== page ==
Dongwook Kim (kim01444@umn.edu) has worked as a researcher and program coordinator over 10 years in global social work practice settings, which led him to pursue his Ph.D. in Social Work. His research interests concern stigma, victimization, and resilience building of people living with HIV/AIDS. He completed his undergraduate studies in English and Political Science from Korea University in 2010. As a Chevening scholar (2010-2011), he received his M.A in Conflict Security and Development at King’s College London. He earned his second baccalaureate, B.Sc. in Statistics and Data Science from Korea National Open University (2017-2020). He has extensive career experience in project management, advocacy, and child protection. He served as a protection officer for Nonviolent Peaceforce South Sudan from 2012 to 2013. In 2014, he joined ChildFund Korea where he worked in the capacity of program evaluation specialist and project coordinator for the Global Program Division until 2020. During this period, he was actively engaged in research-embedded project design and performance management in different project locations (Ethiopia, Rwanda, and Tanzania). Between 2016 and 2018, he implemented Early Childhood Education and Care projects to promote school readiness for preschoolers in Gasabo district, Kigali Province, Rwanda as a country manager for ChildFund Rwanda. From 2020 to 2021, he served as a researcher at the Center for Child Welfare Research in ChildFund Korea where he was responsible for several research projects on children, youth, and families in South Korea. He is also interested in mixed methods and leveraging computational social sciences approach on social work research. He currently works as a research assistant for Dr. Kristy Piescher at the Center for Advanced Studies in Child Welfare (CASCW). His advisors are Dr. Wendy Haight and Dr. Jeff Waid.

Channel Lowery

Channel Lowery

Channel Lowery (lower079@umn.edu) is interested in the intersection of organizational culture and structure and self-care practices among Black women helping professionals. Channel earned a BA in Sociology and MSW degree from Millersville University of Pennsylvania. She has professional experience in mental health and community integration, as well as international education work centered on minoritized youth in Colombia, South America. Channel currently works as a research assistant for Dr. Ceema Samimi on their Pushed Out at Home qualitative study evaluating the impacts of COVD-19 and systemic racism in school discipline during online learning. Her Ph.D. advisor is Dr. Amy Krentzman.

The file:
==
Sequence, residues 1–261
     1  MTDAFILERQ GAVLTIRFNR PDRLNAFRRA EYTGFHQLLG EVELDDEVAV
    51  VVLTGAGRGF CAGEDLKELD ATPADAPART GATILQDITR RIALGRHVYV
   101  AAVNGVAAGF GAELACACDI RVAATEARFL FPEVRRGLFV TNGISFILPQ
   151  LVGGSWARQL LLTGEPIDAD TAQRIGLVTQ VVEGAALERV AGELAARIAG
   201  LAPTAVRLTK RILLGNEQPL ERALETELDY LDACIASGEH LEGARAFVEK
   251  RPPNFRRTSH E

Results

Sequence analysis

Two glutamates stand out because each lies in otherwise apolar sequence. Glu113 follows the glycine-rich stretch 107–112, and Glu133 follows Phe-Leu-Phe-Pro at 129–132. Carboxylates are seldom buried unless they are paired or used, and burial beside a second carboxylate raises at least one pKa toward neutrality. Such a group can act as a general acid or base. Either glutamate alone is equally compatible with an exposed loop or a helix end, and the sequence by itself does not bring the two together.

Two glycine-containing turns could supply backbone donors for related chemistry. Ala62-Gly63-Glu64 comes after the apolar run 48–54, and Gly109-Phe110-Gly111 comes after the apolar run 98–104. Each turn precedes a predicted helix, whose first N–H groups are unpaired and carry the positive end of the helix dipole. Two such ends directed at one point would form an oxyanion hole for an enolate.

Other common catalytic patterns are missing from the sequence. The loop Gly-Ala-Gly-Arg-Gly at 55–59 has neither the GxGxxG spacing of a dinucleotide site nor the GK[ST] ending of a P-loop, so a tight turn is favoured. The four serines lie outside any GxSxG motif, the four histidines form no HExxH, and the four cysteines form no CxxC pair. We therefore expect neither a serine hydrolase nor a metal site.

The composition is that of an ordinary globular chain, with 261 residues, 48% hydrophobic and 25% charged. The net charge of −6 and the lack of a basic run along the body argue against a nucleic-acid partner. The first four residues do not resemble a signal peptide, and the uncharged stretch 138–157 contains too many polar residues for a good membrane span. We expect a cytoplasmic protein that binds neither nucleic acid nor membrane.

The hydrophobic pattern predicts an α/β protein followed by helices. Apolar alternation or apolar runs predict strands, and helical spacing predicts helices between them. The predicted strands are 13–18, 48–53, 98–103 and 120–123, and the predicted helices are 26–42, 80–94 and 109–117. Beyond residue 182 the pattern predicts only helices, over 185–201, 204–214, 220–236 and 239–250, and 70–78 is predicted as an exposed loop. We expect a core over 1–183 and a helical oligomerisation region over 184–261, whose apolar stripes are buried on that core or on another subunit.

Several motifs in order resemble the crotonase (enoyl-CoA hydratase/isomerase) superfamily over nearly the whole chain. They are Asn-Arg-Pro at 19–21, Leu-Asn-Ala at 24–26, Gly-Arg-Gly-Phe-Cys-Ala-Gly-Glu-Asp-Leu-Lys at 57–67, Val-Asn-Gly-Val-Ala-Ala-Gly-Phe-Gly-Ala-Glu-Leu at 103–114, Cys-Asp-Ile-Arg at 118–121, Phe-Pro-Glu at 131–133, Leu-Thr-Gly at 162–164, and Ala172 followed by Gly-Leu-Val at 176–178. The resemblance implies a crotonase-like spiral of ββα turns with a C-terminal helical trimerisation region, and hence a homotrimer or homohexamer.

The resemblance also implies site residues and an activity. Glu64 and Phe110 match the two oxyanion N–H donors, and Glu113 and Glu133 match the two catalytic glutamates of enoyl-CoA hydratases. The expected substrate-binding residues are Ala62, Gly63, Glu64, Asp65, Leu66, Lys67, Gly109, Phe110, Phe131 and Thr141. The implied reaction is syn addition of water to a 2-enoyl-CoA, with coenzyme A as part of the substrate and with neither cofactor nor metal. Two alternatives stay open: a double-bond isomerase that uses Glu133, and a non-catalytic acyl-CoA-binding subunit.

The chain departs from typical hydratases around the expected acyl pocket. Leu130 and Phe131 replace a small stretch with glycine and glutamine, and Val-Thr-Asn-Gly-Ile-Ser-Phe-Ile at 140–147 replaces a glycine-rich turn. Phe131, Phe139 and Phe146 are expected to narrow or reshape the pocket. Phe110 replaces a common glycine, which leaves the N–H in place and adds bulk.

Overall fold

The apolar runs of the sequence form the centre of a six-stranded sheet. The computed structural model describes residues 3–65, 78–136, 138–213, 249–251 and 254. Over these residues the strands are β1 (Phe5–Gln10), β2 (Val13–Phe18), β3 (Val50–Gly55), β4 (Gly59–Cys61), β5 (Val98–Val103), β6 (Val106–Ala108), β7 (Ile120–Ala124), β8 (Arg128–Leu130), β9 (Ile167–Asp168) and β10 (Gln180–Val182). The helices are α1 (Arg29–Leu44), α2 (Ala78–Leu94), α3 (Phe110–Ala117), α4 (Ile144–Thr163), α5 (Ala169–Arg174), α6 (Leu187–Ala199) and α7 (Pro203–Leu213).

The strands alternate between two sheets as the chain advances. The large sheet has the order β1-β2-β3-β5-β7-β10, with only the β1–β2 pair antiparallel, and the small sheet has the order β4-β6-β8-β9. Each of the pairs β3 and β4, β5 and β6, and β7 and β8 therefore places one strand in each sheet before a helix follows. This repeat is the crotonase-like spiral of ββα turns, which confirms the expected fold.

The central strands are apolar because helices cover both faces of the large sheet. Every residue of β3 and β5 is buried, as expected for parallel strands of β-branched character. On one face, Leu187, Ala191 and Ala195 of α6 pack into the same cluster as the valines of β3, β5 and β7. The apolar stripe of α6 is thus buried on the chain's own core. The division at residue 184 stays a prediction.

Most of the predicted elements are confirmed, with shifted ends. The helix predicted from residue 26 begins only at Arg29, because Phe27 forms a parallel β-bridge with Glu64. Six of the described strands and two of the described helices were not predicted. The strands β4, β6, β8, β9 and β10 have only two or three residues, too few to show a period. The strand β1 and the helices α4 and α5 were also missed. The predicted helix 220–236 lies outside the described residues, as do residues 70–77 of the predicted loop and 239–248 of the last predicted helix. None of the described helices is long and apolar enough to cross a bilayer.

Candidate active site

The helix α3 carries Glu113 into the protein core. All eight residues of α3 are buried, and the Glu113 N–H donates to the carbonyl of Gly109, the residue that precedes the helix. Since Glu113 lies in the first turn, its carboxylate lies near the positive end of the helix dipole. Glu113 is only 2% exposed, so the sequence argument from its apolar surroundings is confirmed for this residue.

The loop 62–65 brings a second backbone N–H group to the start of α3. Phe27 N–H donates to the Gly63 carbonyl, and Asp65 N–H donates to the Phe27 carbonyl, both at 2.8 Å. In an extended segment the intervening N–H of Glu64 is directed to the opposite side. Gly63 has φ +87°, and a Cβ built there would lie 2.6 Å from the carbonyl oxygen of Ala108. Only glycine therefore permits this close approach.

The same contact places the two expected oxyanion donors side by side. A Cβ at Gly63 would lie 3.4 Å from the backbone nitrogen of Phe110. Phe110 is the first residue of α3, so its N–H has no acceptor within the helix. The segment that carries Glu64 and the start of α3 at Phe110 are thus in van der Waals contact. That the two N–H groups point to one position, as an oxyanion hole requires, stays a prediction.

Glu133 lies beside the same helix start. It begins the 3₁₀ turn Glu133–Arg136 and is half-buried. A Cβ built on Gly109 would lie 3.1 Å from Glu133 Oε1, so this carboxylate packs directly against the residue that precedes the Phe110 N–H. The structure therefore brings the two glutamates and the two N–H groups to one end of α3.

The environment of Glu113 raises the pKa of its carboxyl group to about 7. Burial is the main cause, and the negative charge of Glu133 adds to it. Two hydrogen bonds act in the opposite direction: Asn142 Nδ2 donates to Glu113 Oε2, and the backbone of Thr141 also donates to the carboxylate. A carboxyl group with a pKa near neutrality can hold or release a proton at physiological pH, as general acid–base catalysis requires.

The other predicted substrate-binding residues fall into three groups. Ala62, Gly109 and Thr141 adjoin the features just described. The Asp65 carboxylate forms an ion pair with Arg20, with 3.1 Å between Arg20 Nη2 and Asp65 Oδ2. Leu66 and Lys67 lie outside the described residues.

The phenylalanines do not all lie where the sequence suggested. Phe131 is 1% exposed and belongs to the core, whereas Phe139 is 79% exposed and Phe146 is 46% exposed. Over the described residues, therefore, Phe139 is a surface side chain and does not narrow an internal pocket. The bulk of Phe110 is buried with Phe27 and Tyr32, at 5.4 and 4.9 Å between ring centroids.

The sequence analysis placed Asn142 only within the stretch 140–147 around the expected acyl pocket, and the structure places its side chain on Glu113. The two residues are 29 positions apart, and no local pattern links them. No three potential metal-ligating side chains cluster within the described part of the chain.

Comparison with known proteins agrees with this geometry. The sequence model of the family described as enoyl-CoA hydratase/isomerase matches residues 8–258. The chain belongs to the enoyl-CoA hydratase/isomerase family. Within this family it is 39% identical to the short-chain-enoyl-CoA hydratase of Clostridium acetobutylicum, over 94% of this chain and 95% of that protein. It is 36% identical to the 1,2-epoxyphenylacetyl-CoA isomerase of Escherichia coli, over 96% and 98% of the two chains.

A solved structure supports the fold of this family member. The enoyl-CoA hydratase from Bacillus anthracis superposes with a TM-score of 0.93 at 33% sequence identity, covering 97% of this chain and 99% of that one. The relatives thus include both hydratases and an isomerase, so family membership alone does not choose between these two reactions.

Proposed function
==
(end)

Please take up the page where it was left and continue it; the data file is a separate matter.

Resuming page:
Jessica Mendel

Jessica Mendel

Jessica Mendel (mende428@umn.edu) was born and raised in Chicago IL. Her undergraduate degree is in English literature from Beloit College. She then went on to receive her master’s degree in special education from the University of Wisconsin-Madison. While teaching, she noticed disparities in educational performance and emotional well-being among her students of color. This led Jessica to return to graduate school to pursue her MSW at the University of Cincinnati in 2013, and gain more insight into how to engage meaningfully with historically oppressed communities.

Jessica worked as a clinician in community mental health for four years, before accepting a position as assistant professor at Buena Vista University. Jessica fell in love with teaching at BVU, and this drove her to attain her PhD. At the University of Minnesota, her focus is the examination of white fragility and ownership of privilege. Her advisor is Dr. Joseph Merighi, and she is working with Dr. Jessica Toft on her study of Neolibralism and its impacts on social work practice, and with Dr. Amy Krentzman on her study of alcohol recovery in rural communities.

Ndilimeke Nashandi

Ndilimeke Nashandi

Ndilimeke Nashandi (nashandi@umn.edu) has 14 years of experience in the academic sector and four years in the civil sector. She worked to address social disparities among young men and women; in HIV and AIDS workforce development, and in managing the Global Fund Country Coordinating Mechanism in Namibia. She taught social change strategies and case management and research in the undergraduate Social Work program at the University of Namibia. She received a BSW from the University of Namibia; a bachelor's degree in Business Administration from Namibia University of Science and Technology, and a master's degree in Development Studies from the University of the Western Cape in South Africa. She is a research assistant in the University of Minnesota School of Social Work. Ndilimeke’s overall research interests include culturally responsive social services; systems strengthening in child welfare and HIV and AIDS, and educational disparities for young girls and street children. She currently works as a research assistant with Dr. Wendy Haight, who is also her advisor.